Pace Live

Performance with Caitlin Cherry's "Quaternion"

Featuring Moor Mother, Vitche-Boul Ra, Daigi-Ann, and Ingrid Raphaël

Published Sunday, Dec 19, 2021

As part of the group exhibition Convergent Evolutions: The Conscious of Body Work, which was on view at the gallery’s 510 W 25th Street space in New York this fall, Pace Live presented a one-time, multi-ensemble performance centered on artist Caitlin Cherry’s kinetic painting-installation Quaternion (2021). The event was curated by Online Sales Director Christiana Ine-Kimba Boyle and Pace Live Curatorial Director Mark Beasley, and it featured live performances by the musician, poet, activist, and visual artist Camae Ayewa, who is widely known as Moor Mother, and dancers Vitche-Boul Ra, Daigi-Ann, and Ingrid Raphaël.

With audience members gathered around Quaternion, a dynamic piece that combines elements of sculpture and painting, the participating dancers produced lyrical movements in and around the moveable artwork. All the while, Moor Mother’s accompanying sounds created a totalizing, transportive effect in the space as part of the performance’s explorations of the relationships between Black femininity, hyper-capitalism, surveillance, painting, poetry, and resistant music. Throughout the event, Quaternion was adjusted to present new modes of seeing the work and its surrounding space.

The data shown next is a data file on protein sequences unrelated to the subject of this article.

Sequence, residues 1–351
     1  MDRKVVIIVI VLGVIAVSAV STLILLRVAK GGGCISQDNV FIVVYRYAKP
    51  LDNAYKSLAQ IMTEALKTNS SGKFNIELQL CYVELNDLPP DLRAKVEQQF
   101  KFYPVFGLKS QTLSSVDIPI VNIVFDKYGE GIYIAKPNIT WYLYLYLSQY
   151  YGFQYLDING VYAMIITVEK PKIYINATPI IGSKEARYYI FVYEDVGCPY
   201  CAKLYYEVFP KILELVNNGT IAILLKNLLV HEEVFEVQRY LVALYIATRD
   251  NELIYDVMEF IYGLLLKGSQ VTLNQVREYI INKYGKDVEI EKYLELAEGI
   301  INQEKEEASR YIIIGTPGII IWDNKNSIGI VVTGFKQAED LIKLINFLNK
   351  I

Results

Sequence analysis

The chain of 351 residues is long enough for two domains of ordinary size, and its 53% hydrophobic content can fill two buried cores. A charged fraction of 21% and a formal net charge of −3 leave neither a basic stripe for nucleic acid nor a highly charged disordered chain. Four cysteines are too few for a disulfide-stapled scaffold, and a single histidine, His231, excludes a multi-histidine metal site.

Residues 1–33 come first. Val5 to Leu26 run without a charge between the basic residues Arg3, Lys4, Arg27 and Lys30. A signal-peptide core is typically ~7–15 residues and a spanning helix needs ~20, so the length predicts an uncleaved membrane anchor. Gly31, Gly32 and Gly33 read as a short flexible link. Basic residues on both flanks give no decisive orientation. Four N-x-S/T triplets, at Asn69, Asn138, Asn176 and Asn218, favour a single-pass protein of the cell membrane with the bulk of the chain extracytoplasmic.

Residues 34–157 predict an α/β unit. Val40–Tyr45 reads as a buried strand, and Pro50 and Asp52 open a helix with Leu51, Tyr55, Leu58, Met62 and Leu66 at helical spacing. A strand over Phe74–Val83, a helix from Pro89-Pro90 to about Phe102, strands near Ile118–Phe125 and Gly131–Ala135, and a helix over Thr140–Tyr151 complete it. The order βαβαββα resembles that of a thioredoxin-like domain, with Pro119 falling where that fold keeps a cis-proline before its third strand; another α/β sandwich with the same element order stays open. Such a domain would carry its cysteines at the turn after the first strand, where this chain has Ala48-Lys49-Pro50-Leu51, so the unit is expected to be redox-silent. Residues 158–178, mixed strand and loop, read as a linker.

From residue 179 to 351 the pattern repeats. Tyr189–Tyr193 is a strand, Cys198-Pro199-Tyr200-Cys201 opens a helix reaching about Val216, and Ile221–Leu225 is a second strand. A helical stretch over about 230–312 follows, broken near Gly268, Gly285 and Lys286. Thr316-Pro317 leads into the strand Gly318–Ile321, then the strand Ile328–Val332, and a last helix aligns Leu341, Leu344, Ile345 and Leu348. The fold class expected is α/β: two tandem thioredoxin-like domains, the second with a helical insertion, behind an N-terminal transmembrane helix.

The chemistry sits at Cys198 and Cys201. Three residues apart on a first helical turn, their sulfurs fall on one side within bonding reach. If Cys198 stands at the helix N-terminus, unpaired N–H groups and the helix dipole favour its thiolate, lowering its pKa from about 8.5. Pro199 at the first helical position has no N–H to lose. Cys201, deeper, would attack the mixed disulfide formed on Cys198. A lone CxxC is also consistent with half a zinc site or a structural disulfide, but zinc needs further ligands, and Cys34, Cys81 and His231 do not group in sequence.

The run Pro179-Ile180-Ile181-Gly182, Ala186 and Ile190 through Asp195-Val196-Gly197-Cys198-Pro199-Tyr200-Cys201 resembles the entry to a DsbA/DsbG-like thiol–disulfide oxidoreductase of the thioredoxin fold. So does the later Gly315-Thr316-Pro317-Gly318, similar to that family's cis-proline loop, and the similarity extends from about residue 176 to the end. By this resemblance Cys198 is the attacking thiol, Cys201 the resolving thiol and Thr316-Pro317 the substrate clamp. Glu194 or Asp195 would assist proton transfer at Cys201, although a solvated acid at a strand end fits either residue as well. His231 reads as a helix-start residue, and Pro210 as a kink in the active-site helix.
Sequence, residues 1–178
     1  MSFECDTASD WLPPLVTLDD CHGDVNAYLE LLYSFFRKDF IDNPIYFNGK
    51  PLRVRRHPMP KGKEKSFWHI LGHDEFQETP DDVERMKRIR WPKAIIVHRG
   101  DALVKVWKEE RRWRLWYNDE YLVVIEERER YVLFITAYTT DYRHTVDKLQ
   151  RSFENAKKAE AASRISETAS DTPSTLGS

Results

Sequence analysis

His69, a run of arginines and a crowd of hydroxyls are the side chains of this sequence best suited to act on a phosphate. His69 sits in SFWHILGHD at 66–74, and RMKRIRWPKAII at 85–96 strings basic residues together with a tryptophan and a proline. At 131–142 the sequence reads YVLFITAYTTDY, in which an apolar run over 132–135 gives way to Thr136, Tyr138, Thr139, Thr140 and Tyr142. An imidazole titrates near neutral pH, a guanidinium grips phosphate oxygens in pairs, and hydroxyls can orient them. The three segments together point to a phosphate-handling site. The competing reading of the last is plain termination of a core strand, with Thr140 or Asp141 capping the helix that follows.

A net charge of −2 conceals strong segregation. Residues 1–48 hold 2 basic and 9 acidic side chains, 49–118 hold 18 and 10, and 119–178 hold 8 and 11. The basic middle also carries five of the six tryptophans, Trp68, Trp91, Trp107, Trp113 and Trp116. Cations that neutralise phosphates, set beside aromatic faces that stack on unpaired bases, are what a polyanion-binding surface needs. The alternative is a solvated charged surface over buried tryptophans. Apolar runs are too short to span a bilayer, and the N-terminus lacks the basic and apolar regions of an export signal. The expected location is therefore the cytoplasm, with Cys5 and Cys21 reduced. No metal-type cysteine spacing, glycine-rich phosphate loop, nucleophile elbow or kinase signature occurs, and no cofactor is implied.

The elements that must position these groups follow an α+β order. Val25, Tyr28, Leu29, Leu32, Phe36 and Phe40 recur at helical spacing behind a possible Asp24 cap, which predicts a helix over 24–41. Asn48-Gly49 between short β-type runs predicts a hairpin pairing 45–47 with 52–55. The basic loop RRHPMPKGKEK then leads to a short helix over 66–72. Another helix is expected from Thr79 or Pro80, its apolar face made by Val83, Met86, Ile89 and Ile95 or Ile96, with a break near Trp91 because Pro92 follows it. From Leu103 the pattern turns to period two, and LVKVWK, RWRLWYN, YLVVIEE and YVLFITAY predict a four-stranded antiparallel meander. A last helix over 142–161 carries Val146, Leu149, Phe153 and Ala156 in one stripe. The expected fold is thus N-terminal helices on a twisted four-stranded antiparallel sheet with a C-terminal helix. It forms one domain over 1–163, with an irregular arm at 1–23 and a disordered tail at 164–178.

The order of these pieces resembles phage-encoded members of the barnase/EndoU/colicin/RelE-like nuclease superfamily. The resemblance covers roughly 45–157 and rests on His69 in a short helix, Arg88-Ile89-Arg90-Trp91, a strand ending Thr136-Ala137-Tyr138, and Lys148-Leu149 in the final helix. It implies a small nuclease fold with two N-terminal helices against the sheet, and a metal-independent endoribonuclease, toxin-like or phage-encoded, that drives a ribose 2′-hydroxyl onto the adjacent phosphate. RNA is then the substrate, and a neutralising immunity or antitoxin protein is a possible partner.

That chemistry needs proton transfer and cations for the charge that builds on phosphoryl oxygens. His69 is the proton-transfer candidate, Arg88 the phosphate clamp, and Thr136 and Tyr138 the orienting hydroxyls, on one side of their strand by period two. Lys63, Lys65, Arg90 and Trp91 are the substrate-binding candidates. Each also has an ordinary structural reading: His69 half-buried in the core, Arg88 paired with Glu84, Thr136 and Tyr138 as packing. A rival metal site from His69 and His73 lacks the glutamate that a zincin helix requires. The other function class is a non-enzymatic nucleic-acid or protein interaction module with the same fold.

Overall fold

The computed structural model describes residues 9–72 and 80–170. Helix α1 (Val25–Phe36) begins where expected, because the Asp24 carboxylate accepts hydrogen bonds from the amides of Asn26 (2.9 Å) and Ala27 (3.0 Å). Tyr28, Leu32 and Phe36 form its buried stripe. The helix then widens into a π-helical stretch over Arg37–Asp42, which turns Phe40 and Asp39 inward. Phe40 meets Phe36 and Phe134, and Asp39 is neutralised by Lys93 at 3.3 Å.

Featuring figurative and abstract elements, Quaternion reflects Cherry’s deep interest in the aesthetics of digital realms and her longstanding focus on representations of Black femininity. Cherry’s practice spans painting, installation, and sculpture, and she said in an interview with Boyle, Beasley, and Moor Mother, “I understand art—painting, specifically—as being able to catalogue culture in a very specific, long-term way.”

The artist’s union of painting and sculpture in Quaternion is part of her longstanding investigations of the ways that “paintings exist in a network,” as she put it, of varied physical and social contexts. The work is also engaged with Cherry’s mathematically minded compositions. Inspired in part by the elliptical movements and technological capabilities of satellites, Quaternion takes its title from a complex number system that is used to map the ways three dimensional objects move in space.

“I wanted to make a sculpture that was inspired by movement in a bunch of different ways,” Cherry said of the work, adding that it represents “two dimensionality meeting three dimensionality” and emphasizing its ability to “come off the wall and confront the viewer in a slightly different way.”

Activated by the dancers and Moor Mother’s music, Quaternion took on this shapeshifting quality described by Cherry in the one-off Pace Live event. In the performance, the work became a site of experimentation across mediums and disciplines.

“It’s really exciting to collaborate in the art world with other Black femmes,” Moor Mother said in the interview with Boyle, Beasley, and Cherry. “Anytime that we can connect, it’s always powerful.”

Pace Live — Watch a Performance with Caitlin Cherry's "Quaternion", Dec 19, 2021